To minimize or eliminate this type of speed difference, engineers usually implement delaying measures, such as inserting a number of wait states to keep pace with the flash memory’s slower access speed. Ultimately, this type of work-around solution produces a disappointingly low limit in the MCU’s overall performance and wastes valuable design potential.
Modern MCU platforms use advanced flash memory that offers fast 10 ns access times, resulting in 100 MHz performance. This means that instructions can be pulled from 100 MHz flash and fed into the 100 MHz CPU with no wait states needed, delivering extremely high performance and excellent system efficiency (see Figure 7).
An efficient design methodology
Today’s industrial and consumer applications require microcontrollers that offer increased performance and lower power while staying within cost-sensitive budgets. To achieve this, modern MCUs must be as efficient as possible. By using a holistic system design methodology, semiconductor suppliers can provide modern MCU platforms that address today’s challenges.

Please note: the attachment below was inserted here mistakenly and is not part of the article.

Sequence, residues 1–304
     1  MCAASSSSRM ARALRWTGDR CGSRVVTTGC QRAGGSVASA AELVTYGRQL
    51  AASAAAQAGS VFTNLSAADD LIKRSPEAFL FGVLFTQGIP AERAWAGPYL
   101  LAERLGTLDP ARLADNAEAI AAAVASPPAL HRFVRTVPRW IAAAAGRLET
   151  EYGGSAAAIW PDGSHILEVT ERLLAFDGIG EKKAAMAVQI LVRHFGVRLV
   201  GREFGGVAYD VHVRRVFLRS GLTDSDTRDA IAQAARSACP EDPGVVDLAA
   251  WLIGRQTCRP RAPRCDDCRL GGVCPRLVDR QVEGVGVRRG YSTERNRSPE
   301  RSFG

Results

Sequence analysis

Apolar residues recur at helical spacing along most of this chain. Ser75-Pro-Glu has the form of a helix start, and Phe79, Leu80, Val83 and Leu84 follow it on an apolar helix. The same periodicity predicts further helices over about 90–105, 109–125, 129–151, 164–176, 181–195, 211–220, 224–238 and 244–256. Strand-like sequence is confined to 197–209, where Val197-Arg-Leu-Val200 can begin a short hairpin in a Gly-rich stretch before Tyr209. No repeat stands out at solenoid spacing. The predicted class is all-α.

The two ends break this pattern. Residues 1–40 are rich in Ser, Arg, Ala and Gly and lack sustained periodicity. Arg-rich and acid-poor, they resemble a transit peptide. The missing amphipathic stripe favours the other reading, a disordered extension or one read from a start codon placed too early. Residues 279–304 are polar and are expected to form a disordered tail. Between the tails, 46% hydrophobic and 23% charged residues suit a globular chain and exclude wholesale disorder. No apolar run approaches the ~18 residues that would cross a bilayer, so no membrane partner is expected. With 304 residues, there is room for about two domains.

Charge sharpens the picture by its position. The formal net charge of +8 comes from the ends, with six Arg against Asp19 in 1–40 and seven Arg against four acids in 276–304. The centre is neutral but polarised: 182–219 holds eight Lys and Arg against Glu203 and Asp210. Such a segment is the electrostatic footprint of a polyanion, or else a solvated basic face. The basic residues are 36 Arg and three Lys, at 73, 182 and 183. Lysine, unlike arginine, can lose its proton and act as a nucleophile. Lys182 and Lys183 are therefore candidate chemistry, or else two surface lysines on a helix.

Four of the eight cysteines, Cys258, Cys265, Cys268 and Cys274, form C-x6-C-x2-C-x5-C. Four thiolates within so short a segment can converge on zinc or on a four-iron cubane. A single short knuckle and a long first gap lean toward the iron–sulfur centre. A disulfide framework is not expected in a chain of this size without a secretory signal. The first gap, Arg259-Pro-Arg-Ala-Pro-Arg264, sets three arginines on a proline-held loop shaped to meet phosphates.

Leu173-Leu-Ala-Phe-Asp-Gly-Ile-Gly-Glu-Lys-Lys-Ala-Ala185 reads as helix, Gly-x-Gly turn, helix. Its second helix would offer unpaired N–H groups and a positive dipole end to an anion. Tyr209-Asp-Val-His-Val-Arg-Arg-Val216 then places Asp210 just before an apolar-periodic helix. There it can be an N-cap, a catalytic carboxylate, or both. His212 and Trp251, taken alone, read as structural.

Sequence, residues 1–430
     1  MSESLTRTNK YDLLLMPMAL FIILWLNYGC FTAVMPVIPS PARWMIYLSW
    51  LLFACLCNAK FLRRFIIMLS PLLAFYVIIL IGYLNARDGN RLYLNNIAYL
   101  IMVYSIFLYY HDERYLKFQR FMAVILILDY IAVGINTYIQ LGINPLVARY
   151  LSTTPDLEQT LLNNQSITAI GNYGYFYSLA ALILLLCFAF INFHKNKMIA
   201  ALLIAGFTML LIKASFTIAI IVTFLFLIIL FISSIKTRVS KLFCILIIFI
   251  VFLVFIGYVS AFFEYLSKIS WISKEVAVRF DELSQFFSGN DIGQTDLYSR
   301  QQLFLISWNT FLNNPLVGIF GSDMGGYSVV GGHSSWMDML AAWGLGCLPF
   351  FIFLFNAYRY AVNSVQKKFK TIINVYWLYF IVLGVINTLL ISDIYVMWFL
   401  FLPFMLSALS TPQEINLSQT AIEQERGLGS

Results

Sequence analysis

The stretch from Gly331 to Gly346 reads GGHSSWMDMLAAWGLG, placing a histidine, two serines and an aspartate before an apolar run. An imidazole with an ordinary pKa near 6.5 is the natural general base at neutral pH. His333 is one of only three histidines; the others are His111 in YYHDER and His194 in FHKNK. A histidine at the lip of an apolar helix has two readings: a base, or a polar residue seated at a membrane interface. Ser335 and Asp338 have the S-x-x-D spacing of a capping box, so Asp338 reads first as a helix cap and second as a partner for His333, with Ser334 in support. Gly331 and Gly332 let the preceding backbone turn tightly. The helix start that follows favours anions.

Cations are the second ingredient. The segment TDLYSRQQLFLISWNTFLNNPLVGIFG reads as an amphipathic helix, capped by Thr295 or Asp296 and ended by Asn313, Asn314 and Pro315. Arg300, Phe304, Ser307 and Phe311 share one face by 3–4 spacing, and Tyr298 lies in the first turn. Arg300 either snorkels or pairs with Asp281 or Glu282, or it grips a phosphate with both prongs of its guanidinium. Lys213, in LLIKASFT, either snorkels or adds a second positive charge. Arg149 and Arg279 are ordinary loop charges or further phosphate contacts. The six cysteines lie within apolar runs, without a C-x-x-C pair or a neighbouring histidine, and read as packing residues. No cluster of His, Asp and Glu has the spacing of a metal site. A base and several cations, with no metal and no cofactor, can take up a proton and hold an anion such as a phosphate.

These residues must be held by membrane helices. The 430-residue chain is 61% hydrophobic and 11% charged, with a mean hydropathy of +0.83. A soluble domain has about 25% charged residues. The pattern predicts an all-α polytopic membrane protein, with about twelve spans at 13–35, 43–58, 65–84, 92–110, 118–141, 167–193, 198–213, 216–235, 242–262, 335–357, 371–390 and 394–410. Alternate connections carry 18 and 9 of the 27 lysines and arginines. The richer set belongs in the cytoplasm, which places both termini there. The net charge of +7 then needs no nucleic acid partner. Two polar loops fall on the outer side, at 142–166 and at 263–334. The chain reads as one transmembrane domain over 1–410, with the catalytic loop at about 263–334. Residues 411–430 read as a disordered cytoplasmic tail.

MCUs that combine a fast and efficient CPU with no-wait flash memory ensure that the full design potential is realized while enabling DSP and floating-point capabilities. These modern MCUs also address the need for increased connectivity by integrating advanced system interfacing capabilities and communication peripherals enabling Ethernet, USB, CAN, and direct drive LCD, all within one MCU platform.